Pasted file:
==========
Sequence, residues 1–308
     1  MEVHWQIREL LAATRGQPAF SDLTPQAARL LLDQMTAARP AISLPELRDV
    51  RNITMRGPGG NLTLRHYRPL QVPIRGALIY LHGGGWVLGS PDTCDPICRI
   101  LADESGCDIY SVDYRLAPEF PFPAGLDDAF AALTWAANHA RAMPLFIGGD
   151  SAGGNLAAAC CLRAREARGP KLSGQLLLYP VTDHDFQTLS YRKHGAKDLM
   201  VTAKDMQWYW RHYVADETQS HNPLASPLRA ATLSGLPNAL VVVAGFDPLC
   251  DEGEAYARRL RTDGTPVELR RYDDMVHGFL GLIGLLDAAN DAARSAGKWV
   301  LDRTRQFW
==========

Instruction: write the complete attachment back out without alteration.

Sequence, residues 1–308
     1  MEVHWQIREL LAATRGQPAF SDLTPQAARL LLDQMTAARP AISLPELRDV
    51  RNITMRGPGG NLTLRHYRPL QVPIRGALIY LHGGGWVLGS PDTCDPICRI
   101  LADESGCDIY SVDYRLAPEF PFPAGLDDAF AALTWAANHA RAMPLFIGGD
   151  SAGGNLAAAC CLRAREARGP KLSGQLLLYP VTDHDFQTLS YRKHGAKDLM
   201  VTAKDMQWYW RHYVADETQS HNPLASPLRA ATLSGLPNAL VVVAGFDPLC
   251  DEGEAYARRL RTDGTPVELR RYDDMVHGFL GLIGLLDAAN DAARSAGKWV
   301  LDRTRQFW